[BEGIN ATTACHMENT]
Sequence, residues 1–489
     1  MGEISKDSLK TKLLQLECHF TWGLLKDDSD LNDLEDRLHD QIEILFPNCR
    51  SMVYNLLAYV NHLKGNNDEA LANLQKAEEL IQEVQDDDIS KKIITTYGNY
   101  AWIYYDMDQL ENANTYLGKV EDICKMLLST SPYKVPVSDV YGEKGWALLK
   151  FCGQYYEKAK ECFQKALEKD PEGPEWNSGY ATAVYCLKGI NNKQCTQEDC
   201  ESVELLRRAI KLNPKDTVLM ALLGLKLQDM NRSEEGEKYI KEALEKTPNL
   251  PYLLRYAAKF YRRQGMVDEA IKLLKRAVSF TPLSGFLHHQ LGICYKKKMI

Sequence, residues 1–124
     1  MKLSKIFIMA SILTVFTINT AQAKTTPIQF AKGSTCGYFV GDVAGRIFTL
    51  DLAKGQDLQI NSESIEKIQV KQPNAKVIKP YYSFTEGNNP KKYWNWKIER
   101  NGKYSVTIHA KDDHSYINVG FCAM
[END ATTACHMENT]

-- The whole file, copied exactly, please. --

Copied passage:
Sequence, residues 1–489
     1  MGEISKDSLK TKLLQLECHF TWGLLKDDSD LNDLEDRLHD QIEILFPNCR
    51  SMVYNLLAYV NHLKGNNDEA LANLQKAEEL IQEVQDDDIS KKIITTYGNY
   101  AWIYYDMDQL ENANTYLGKV EDICKMLLST SPYKVPVSDV YGEKGWALLK
   151  FCGQYYEKAK ECFQKALEKD PEGPEWNSGY ATAVYCLKGI NNKQCTQEDC
   201  ESVELLRRAI KLNPKDTVLM ALLGLKLQDM NRSEEGEKYI KEALEKTPNL
   251  PYLLRYAAKF YRRQGMVDEA IKLLKRAVSF TPLSGFLHHQ LGICYKKKMI

Sequence, residues 1–124
     1  MKLSKIFIMA SILTVFTINT AQAKTTPIQF AKGSTCGYFV GDVAGRIFTL
    51  DLAKGQDLQI NSESIEKIQV KQPNAKVIKP YYSFTEGNNP KKYWNWKIER
   101  NGKYSVTIHA KDDHSYINVG FCAM